Mosquitoes and flies will be virtually extinct. (Sigh, not quite. The pesky insects are still with us.)

Foods will not be exposed to air before being sold, and storekeepers who do expose them will be arrested. (Well, if not arrested, then fined by health and food inspectors–IF they are doing their jobs)

 Coal will not be used for heating or cooking. It will be scarce but not exhausted. (It is neither scarce nor exhausted, and it is still used by electrical power plants. So in that respect, this prediction is off the mark–though few, if any, folks use it as fuel for stoves and ovens.)

 No more streetcars in cities. (This is pretty accurate, though some cities are bringing these once ubiquitous urban conveyances back).

 Photographs will be telegraphed from any distance (same day publishing) and will be in color. (Very prescient calculation)

 Trains will go 150 MPH. (NOT in America, sadly. But in Europe and Japan they do)

 Automobiles will be cheaper than horses. (Hmm. Not true UNLESS you are talking about a stable of Kentucky Derby winners)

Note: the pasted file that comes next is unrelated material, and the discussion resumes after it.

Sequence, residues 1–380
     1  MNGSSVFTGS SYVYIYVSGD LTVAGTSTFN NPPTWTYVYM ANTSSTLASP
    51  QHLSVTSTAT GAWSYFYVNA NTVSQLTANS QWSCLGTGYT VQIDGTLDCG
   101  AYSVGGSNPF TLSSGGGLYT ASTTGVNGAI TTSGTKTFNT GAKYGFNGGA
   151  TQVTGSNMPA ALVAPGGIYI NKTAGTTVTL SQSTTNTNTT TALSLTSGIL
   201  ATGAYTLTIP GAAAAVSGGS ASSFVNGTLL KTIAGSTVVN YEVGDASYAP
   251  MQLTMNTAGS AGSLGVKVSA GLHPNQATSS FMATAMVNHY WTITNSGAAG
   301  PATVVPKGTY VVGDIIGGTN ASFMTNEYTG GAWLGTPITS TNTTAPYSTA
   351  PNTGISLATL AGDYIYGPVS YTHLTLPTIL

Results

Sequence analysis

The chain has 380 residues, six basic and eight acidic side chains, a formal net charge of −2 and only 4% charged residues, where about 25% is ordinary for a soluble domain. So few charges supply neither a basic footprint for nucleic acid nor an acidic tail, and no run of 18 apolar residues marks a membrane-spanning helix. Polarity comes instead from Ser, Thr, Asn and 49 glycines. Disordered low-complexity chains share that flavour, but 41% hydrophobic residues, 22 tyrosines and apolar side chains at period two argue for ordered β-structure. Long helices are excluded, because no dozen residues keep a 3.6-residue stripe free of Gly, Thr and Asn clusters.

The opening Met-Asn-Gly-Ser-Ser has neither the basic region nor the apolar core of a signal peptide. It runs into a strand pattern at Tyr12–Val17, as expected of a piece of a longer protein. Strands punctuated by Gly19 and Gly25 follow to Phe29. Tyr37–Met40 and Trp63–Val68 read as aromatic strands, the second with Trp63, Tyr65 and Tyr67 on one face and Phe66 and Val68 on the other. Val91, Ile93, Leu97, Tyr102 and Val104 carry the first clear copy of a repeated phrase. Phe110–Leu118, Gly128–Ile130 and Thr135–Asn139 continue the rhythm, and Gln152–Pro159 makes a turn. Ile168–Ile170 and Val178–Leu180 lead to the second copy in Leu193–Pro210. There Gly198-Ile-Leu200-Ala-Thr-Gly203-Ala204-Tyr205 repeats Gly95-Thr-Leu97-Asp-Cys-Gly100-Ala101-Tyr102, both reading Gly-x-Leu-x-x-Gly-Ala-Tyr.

Everyone will walk 10 miles. A man or woman who cannot walk 10 miles will be considered a weakling. (I would wager that not everyone in today’s world can walk 10 miles. Weaklings, I am afraid, abound)

 You will be able to travel from the USA to England in 2 days. (How about in just a few hours? An unfathomable concept back in 1901)

 There will be airships. (There will be, but most today are seen hovering over football stadiums)

 There will be aerial warships and forts on wheels. Fleets of air-ships, hiding in dense, smoky mists, will float over cities and hurl deadly thunderbolts onto unsuspecting foes below. Giant guns will shoot 25 miles or more and destroy entire cities. (Airships no, but squadrons of stealth bombers and fighters capable of launching nuclear weapons that can destroy whole cities are here)